Over the past several years, swine dysentery, or bloody scours, has begun to re-emerge in the Midwest as well as Canadian operations, according to an Iowa State University publication.
In 2005, only three samples were found positive by the Iowa State University Veterinary Diagnostic Laboratory. By 2010, the number had grown to 84.
Swine dysentery, which had largely disappeared during the 1990s, poses several challenges to pigs and producers alike. Once established in facilities the disease is expensive to treat and difficult to remove.
Symptoms of swine dysentery (SD), which is caused by Brachyspira hyodysenteriae, include soft, watery feces varying in color (gray, yellow or red) and often containing mucus or blood, according to ‘Bloody Scours (swine dysentery) A costly re-emerging disease that is preventable.’ The publication was published by Iowa State University Extension and Iowa Pork Producers Association.
Clinical signs of SD may spread slowly within a barn or rapidly depending on the exposure dosage. Groups of pigs with the disease will grow unevenly which leads to variation in weights.
To make things more difficult, the disease may be present without symptoms. “Swine dysentery can be difficult to diagnose because there may not be diarrhea or mortality associated with infection,” says Hank Harris, DVM, Harrisvaccines. “That can be a particular problem for wean-to-finish operations.”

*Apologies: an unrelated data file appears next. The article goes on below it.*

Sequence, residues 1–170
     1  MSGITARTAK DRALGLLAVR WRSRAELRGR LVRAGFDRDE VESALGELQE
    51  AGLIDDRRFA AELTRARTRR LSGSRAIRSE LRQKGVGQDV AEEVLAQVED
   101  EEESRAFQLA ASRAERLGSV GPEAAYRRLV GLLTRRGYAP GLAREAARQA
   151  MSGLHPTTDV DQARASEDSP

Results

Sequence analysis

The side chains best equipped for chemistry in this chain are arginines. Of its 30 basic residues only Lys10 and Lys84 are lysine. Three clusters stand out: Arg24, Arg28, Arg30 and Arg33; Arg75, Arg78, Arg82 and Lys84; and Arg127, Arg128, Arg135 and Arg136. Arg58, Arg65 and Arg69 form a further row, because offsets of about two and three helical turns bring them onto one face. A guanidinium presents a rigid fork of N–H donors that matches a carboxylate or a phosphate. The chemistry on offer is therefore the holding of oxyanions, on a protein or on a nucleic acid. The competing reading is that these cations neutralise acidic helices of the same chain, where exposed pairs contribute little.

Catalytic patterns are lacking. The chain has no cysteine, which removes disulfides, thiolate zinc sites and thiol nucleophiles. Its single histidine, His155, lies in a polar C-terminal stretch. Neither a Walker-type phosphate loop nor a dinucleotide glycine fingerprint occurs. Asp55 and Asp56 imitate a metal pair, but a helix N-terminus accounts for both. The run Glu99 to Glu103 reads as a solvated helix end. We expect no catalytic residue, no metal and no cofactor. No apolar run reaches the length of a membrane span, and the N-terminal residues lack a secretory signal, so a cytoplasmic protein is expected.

Infected pigs and their feces are primary sources of infection. Infected transport vehicles as well as manure storage facilities and handling equipment can also transmit the disease, since the causative organism can survive for long periods in feces-contaminated environments. Plus, mice can carry the causative organism for a year after infected pigs are removed. “There’s no question that mice are a reservoir of infection,” Harris says.
Strict biosecurity is key to preventing contamination of facilities with SD. Avoiding contact with infected animals and other materials is crucial in preventing the disease. Your veterinarian can help in developing an effective SD prevention program.
For information on receiving a copy of the SD booklet, call (515) 225-7675 or email firstname.lastname@example.org.
Read more about swine dysentery.